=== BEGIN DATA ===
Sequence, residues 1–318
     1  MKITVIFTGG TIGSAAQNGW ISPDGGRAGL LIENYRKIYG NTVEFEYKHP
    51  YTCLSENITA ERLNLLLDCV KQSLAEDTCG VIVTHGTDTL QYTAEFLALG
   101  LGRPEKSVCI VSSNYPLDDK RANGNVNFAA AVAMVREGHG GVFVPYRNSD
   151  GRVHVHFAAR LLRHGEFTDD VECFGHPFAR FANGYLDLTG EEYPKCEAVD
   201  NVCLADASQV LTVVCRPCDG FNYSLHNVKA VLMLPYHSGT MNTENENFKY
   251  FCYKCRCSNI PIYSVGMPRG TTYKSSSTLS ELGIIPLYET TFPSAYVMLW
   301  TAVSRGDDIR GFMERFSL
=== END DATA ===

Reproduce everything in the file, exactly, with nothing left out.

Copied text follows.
Sequence, residues 1–318
     1  MKITVIFTGG TIGSAAQNGW ISPDGGRAGL LIENYRKIYG NTVEFEYKHP
    51  YTCLSENITA ERLNLLLDCV KQSLAEDTCG VIVTHGTDTL QYTAEFLALG
   101  LGRPEKSVCI VSSNYPLDDK RANGNVNFAA AVAMVREGHG GVFVPYRNSD
   151  GRVHVHFAAR LLRHGEFTDD VECFGHPFAR FANGYLDLTG EEYPKCEAVD
   201  NVCLADASQV LTVVCRPCDG FNYSLHNVKA VLMLPYHSGT MNTENENFKY
   251  FCYKCRCSNI PIYSVGMPRG TTYKSSSTLS ELGIIPLYET TFPSAYVMLW
   301  TAVSRGDDIR GFMERFSL